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What is involved in the GAPS diet?

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The Gut and Psychology Syndrome diet is a seven-stage plan developed by Dr. Natasha Campbell-McBride, and it is intended to cure several health ailments through nutritional modifications aimed at healing the intestinal system. The argument is that a damaged gut is unable to utilize vitamins and minerals for the body's well-being.

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The large majority of the body's immune system is believed to function from the intestinal tract, according to Campbell-McBride. When the gut flora in the stomach, intestines and colon are compromised, the body is unable to process nutritional requirements and efficiently clear waste. When this occurs, a person becomes deficient in several vitamins and minerals and builds an unhealthy amount of waste within the intestines.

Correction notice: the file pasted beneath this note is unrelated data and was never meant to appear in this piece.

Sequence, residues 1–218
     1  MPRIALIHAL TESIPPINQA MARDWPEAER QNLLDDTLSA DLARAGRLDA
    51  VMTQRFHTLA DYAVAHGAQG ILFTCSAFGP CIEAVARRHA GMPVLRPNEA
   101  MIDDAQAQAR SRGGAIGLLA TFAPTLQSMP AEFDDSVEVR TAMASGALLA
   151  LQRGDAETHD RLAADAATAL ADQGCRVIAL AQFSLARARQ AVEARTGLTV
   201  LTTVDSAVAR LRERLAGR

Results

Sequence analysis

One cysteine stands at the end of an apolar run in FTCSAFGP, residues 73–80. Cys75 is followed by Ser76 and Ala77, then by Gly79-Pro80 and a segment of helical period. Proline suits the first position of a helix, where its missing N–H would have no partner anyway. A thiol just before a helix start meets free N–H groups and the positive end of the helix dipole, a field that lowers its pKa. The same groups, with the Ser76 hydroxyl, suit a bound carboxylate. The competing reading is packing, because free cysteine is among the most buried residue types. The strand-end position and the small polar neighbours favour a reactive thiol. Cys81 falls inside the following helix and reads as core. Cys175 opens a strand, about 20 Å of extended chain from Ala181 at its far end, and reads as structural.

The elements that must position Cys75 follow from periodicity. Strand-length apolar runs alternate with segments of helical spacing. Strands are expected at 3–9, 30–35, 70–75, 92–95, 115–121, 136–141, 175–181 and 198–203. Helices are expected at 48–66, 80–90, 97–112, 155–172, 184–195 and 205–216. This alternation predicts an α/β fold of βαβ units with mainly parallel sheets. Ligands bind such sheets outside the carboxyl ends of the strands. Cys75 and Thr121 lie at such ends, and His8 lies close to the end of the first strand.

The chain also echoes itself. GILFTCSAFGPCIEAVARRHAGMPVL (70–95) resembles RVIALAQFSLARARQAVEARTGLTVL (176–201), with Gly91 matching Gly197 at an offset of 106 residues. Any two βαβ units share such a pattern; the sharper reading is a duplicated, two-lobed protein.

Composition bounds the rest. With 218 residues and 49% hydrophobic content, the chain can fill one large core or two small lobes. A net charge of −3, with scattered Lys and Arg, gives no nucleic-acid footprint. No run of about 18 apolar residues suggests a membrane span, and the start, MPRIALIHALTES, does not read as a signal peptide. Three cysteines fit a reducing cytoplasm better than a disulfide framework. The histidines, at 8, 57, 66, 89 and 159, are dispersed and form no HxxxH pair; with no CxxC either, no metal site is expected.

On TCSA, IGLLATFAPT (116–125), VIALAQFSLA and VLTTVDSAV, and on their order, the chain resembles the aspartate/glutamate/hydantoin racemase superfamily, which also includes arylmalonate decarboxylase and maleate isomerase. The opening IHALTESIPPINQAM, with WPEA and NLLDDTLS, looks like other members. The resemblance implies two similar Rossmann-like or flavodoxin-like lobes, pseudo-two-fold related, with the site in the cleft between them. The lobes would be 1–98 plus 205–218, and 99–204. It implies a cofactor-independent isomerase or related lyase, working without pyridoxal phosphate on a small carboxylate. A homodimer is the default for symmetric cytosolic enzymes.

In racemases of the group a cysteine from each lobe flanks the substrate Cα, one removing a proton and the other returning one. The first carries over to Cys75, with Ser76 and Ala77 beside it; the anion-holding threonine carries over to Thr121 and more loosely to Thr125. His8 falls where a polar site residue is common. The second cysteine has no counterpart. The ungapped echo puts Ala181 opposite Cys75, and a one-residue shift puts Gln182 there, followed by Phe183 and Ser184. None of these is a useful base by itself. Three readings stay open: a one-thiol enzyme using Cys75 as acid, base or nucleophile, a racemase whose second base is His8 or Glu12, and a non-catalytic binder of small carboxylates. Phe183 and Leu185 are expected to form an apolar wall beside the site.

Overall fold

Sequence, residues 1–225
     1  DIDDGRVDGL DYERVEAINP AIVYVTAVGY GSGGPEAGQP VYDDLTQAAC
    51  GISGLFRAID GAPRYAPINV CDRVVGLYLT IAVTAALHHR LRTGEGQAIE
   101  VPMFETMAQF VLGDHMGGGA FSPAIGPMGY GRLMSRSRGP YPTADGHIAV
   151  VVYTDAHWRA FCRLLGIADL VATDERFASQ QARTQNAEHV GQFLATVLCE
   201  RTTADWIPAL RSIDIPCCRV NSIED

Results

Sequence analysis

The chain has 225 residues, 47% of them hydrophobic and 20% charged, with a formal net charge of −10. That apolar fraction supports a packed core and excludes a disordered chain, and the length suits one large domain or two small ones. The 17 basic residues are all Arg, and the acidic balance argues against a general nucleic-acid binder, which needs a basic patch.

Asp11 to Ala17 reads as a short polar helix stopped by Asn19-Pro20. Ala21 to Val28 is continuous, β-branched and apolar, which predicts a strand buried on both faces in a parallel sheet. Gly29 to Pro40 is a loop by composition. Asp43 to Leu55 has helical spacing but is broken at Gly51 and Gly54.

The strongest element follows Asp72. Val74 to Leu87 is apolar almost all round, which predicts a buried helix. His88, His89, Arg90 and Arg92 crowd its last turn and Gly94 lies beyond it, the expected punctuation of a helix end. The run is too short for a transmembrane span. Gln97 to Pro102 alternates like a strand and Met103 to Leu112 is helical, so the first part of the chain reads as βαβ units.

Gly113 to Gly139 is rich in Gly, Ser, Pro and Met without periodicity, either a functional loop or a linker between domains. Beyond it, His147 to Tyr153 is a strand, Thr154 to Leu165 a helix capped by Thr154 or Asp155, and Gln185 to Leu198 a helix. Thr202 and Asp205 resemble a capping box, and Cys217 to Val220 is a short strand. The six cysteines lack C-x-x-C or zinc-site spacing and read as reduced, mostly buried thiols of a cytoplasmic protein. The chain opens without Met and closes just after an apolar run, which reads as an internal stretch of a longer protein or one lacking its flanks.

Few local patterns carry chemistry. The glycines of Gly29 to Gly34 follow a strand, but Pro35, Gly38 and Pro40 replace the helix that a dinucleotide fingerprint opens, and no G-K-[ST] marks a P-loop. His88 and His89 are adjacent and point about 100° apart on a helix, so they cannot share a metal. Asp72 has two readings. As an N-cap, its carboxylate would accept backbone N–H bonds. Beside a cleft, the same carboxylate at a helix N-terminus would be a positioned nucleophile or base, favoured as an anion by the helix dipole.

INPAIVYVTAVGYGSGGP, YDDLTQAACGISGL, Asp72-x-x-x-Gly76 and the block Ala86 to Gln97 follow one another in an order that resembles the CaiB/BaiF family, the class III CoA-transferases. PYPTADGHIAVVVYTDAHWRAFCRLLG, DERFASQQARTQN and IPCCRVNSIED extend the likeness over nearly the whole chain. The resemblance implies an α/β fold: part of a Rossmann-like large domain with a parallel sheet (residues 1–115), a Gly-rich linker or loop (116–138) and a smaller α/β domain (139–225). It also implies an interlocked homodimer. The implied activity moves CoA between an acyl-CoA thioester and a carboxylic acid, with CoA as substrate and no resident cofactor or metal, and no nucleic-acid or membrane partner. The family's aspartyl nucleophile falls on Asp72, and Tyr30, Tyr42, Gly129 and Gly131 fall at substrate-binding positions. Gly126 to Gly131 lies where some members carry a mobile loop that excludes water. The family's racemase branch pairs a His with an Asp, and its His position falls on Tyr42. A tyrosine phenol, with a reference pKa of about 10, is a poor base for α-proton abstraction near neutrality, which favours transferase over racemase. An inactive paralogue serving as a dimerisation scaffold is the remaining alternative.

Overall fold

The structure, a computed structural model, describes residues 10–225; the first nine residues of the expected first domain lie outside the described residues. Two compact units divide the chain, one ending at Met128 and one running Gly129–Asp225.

In the first stage of the GAPS diet, people are only allowed to eat nutrient-rich foods containing several strains of probiotics, such as bone broth, soups and tea. After this stage, people continue to eat the original bone broth, but they are able to add in various fruits, meats and vegetables. Some doctors and nutritionists argue that the GAPS diet is too restrictive and deprives people of several essential nutrients and that it may be enough to remove processed foods from the diet and incorporate more whole foods, probiotics, omega-3 fatty acids and zinc.

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